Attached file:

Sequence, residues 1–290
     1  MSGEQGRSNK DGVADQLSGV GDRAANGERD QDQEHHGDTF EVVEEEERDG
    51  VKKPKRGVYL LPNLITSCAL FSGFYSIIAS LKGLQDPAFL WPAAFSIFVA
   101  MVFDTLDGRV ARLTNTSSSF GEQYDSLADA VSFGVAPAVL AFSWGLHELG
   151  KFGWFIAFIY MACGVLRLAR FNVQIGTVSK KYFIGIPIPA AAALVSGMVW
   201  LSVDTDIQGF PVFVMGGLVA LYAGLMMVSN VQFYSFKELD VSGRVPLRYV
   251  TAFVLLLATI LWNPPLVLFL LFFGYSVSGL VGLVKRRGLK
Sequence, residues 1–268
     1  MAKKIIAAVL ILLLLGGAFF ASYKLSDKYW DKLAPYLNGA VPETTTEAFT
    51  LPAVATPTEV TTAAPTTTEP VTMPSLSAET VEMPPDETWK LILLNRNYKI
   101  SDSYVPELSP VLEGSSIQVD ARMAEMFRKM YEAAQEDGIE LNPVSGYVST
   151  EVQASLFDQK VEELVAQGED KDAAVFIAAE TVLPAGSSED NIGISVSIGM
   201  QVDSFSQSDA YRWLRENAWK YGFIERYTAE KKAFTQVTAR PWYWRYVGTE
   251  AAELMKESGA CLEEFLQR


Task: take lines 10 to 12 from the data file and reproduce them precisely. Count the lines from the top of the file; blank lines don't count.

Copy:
    51  LPAVATPTEV TTAAPTTTEP VTMPSLSAET VEMPPDETWK LILLNRNYKI
   101  SDSYVPELSP VLEGSSIQVD ARMAEMFRKM YEAAQEDGIE LNPVSGYVST
   151  EVQASLFDQK VEELVAQGED KDAAVFIAAE TVLPAGSSED NIGISVSIGM